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... stomach remedies, cough and cold medicines, fluids with electrolytes, and vitamins. ... Some people have reported diarrhea and vomiting associated with H1N1 flu. ... – PowerPoint PPT presentation

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Title: A1258590267KwdiW

Pandemic InfluenzaPreparedness and Response
Individual and Family
Individual and Family Planning Checklist
  • You can prepare for PI now. You should know
    both the magnitude of what can happen during a
    pandemic outbreak and what actions you can take
    to help lessen the impact of PI on you and your
    family. This checklist will help you gather the
    information and resources you may need in case of
    a flu pandemic.
  • Plan for PI
  • Store a two week supply of water and food.
    During a pandemic, if you cannot get to a store,
    or if stores are out of supplies, it will be
    important for you to have extra supplies on hand.
    This can be useful in other types of emergencies,
    such as power outages and disasters.
  • Periodically check your regular prescription
    drugs to ensure a continuous supply in your home.
  • Have any nonprescription drugs and other health
    supplies on hand, including pain relievers,
    stomach remedies, cough and cold medicines,
    fluids with electrolytes, and vitamins.
  • Talk with family members and loved ones about
    how they would be cared for if they got sick, or
    what will be needed to care for them in your home.
  • Volunteer with local groups to prepare and
    assist with emergency response.

Individual and Family Planning Checklist
  • Get involved in your community as it works to
    prepare for PI.
  • To limit the spread of germs and prevent
  • Teach your children to cover coughs and sneezes
    with tissues, and be sure to model that behavior.
  • Teach your children to stay away from others as
    much as possible if they are sick. Stay home from
    work and school if sick.
  • Items to have on hand for an extended stay at
  • Examples of food and non-perishables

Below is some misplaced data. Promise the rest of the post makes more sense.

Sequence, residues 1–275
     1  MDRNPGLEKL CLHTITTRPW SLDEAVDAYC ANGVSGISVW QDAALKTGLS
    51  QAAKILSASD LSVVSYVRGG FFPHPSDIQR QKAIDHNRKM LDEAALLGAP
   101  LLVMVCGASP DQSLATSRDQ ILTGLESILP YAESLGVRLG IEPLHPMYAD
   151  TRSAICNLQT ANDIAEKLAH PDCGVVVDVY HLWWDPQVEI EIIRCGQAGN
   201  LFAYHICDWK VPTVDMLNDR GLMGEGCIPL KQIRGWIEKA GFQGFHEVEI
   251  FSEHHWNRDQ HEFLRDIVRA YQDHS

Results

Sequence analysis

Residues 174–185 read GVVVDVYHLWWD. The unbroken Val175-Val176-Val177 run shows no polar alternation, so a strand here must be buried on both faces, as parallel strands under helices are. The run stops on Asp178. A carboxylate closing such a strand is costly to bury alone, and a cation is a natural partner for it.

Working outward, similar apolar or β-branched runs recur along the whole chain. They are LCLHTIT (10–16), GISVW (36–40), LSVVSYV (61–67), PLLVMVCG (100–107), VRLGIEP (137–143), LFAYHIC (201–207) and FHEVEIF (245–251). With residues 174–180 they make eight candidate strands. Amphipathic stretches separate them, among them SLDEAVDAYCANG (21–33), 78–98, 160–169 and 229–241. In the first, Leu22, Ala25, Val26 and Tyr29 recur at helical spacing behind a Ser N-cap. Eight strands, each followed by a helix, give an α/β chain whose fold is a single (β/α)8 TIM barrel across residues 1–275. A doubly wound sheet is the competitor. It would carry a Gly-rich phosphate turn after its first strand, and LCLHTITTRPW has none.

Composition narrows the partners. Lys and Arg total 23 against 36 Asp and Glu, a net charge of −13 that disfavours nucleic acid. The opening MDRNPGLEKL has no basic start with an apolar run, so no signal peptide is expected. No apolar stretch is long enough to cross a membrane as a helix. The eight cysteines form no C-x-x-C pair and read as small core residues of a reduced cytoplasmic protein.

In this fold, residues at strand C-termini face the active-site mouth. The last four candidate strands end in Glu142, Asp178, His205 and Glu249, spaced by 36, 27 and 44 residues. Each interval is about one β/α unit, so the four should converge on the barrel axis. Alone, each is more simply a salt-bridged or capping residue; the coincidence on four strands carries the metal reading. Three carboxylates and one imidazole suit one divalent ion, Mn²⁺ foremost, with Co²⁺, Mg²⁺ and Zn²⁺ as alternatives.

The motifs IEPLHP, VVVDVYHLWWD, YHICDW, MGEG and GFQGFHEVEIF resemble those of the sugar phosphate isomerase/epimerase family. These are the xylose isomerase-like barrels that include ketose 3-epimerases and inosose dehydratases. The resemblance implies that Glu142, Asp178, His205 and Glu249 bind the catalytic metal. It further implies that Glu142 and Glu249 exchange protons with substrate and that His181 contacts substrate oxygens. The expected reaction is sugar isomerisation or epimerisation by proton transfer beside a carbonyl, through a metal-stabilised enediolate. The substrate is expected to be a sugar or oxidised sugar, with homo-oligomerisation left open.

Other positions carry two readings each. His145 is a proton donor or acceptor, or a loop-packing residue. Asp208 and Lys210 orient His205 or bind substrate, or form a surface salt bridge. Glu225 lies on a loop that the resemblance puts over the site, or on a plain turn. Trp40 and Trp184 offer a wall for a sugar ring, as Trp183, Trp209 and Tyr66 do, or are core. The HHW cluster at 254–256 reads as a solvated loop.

• Protein or fruit bars.
  • Dry cereal or granola.

Individual and Family Planning Checklist
  • Peanut butter or nuts.
  • Dried fruit.
  • Canned juices.
  • Bottled water.
  • Canned or jarred baby food and formula.
  • Pet food.
  • Examples of medical, health, and emergency
  • Prescribed medical supplies such as glucose and
    blood-pressure monitoring equipment.
  • Soap and water, or alcohol-based (60-95) hand

Individual and Family Planning Checklist
  • Medicines for fever, such as acetaminophen or
  • Thermometer.
  • Vitamins.
  • Fluids with electrolytes.
  • Cleansing agent/soap.
  • Flashlight.
  • Portable radio.
  • Manual can opener.
  • Garbage bags.
  • Tissues, toilet paper, disposable diapers.

Individual and Family Planning Checklist
  • Family Emergency Health Information Sheet
  • It is important to think about health issues
    that could arise if an influenza pandemic occurs,
    and how they could affect you and your loved
    ones. For example, if a mass vaccination clinic
    is set up in your community, you may need to
    provide as much information as you can about your
    medical history when you go, especially if you
    have a serious health condition or allergy.
  • Create a family emergency health plan using
    this information. Fill in information for each
    family member in the space provided. Like much of
    the planning for a pandemic, this can also help
    prepare for other emergencies.
  • Family Member Information

Family Member Blood Type Allergies Past / Current Medical Conditions Current Medications / Dosages

Individual and Family Planning Checklist
  • Interim Guidance Taking Care of a Sick
    Person in Your Home
  • H1N1 flu virus infection (formerly known as
    swine flu) can cause a wide range of symptoms,
    including fever, cough, sore throat, body aches,
    headache, chills and fatigue. Some people have
    reported diarrhea and vomiting associated with
    H1N1 flu. Like seasonal flu, H1N1 flu in humans
    can vary in severity from mild to severe. Severe
    disease with pneumonia, respiratory failure and
    even death is possible with H1N1 flu infection.
    Certain groups might be more likely to develop a
    severe illness from H1N1 flu infection, such as
    pregnant women and persons with chronic medical
    conditions. Sometimes bacterial infections may
    occur at the same time as or after infection with
    influenza viruses and lead to pneumonias, ear
    infections, or sinus infections.
  • The following information can help you provide
    safer care at home for sick persons during a flu
    outbreak or flu pandemic.
  • How the Flu Spreads
  • The main way that influenza viruses are thought
    to spread is from person to person in respiratory
    droplets of coughs and sneezes. This can happen
    when droplets from a cough or sneeze of an
    infected person are propelled through the air and
    deposited on the mouth or nose of people nearby.
    Influenza viruses may also be spread when a
    person touches respiratory droplets on another
    person or an object and then touches their own
    mouth or nose (or someone elses mouth or nose)
    before washing their hands.
  • People with H1N1 flu who are cared for at home
  • Check with their health care provider about any
    special care they might need if they are pregnant
    or have a health condition such as diabetes,
    heart disease, asthma, or emphysema.

Individual and Family Planning Checklist
  • Check with their health care provider about
    whether they should take antiviral medications.
  • Get plenty of rest.
  • Drink clear fluids (such as water, broth,